Breaking the power of envy
John’s disciples had a problem. They had followed their rabbi faithfully and done whatever he instructed them but the fad was getting out of hand. It had started as a simple extension of something the people had done for years but it had become so popular that they were having trouble keeping up with the demand. John told people who God was about to do something significant and it was time for them to be ready for it. He told them to wash themselves ceremonially in the river as a sign that they were preparing themselves to be part of what was coming. When the promised leader came they were willing to join him and would stand against his enemies, especially the hated Romans.
Having others pick up the same practice wasn’t cool to his disciples but John didn’t seem to care. They watched as more people came every day but were disturbed to see how others were muscling in on the thing for which their rabbi had become known.
Finally they couldn’t take it anymore, enough is enough! They came to John with a warning about what was happening. Since he wasn’t attacking and trashing the competitors they figured he didn’t understand how serious the situation was becoming. He was losing his influence as leader of the movement and he didn’t care! Their comments showed that they:
- Didn’t understand the scope of the task and the events which were coming
- Didn’t see the big picture and their place in it
- Thought God could only work through them
- Didn’t understand that God works in other people and places too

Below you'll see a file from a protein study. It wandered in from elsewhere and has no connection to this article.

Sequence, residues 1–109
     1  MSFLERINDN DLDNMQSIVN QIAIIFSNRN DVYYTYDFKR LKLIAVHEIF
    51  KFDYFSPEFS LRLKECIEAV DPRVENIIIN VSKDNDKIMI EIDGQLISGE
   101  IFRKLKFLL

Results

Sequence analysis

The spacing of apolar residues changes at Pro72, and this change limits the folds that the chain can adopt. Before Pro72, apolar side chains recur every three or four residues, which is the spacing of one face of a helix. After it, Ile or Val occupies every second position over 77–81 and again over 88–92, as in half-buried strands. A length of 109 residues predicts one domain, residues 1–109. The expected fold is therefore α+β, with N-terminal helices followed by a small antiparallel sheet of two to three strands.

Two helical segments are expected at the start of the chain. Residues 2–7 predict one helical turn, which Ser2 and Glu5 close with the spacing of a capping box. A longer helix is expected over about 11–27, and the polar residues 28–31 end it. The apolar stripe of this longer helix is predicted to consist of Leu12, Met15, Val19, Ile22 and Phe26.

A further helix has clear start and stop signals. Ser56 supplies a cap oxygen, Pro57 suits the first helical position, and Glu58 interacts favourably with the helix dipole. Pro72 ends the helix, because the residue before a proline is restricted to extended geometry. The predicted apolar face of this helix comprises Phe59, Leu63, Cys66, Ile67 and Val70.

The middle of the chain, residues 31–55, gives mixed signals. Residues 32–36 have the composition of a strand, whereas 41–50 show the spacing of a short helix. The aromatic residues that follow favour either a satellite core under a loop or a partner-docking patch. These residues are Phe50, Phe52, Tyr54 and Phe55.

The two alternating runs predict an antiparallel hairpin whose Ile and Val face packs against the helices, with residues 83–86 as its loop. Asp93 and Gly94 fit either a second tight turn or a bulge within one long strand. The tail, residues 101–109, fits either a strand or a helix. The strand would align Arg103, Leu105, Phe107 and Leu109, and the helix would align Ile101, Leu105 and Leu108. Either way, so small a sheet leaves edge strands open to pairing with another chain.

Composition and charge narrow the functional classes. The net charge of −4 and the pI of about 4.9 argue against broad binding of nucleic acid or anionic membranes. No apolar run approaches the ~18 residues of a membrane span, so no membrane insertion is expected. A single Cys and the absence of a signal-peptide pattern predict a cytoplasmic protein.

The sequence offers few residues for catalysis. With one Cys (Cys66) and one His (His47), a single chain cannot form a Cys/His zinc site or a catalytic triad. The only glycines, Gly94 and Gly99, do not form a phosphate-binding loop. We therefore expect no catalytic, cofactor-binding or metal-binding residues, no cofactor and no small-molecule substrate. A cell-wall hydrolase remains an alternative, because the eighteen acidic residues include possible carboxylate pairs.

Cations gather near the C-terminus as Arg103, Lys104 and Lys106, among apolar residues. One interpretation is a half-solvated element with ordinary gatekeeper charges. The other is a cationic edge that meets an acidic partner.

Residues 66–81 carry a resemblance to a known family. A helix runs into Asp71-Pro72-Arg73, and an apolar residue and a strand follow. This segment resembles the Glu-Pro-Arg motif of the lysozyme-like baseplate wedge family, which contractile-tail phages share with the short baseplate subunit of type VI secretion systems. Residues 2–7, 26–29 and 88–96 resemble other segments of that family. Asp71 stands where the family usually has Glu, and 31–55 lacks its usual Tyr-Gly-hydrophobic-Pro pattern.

- Thought of co-workers as competitors
- Were being stretched beyond the scope of what they could handle
- Thought their resources were very limited
John put them right. He wasn’t fussing about anyone being his competitor and here’s the reason: “A man can only receive what heaven gives him.” The work was bigger than any man could handle on his own. Control was not an issue for John; getting the task accomplished was the real issue. He welcomed the help others could bring. He didn’t compare himself with others and what they were doing. Life isn’t a competition and finding others doing similar things to us does not pose a threat, not even when they do it better than we can. Instead of being competitive and clinging to control, John told his disciples to chill and focus on doing what is given to them to do. Criticizing and condemning others is not a part of that.
John effectively tells them to focus on what they were called and trained to do and keep with the main question, “What does God want ME to do with my life and ministry?” Others must answer the same question for themselves. Only then are we freed from the competitiveness that leads to envy and from coveting what others have. Teamwork replaces personal struggle and rivalry. Together we can do far more. No one has to do it all on his or her own. Faith tells us to trust that God will work things out right and everyone will attain his or her reward based on their willingness to focus on the task given to them.
When we find ourselves resenting the success of others and trying to control what they do it’s a sure sign we are playing with fire. The better path is to revisit what we are called to do and put our energy into doing that. The power of envy lies broken.
Posted on November 16, 2011, in Active faith, Self-awareness and tagged calling and service, comparing ourselves, competition and competitiveness, covetousness, envy, John 3, obedience, Religion & Spirituality. Bookmark the permalink. Comments Off.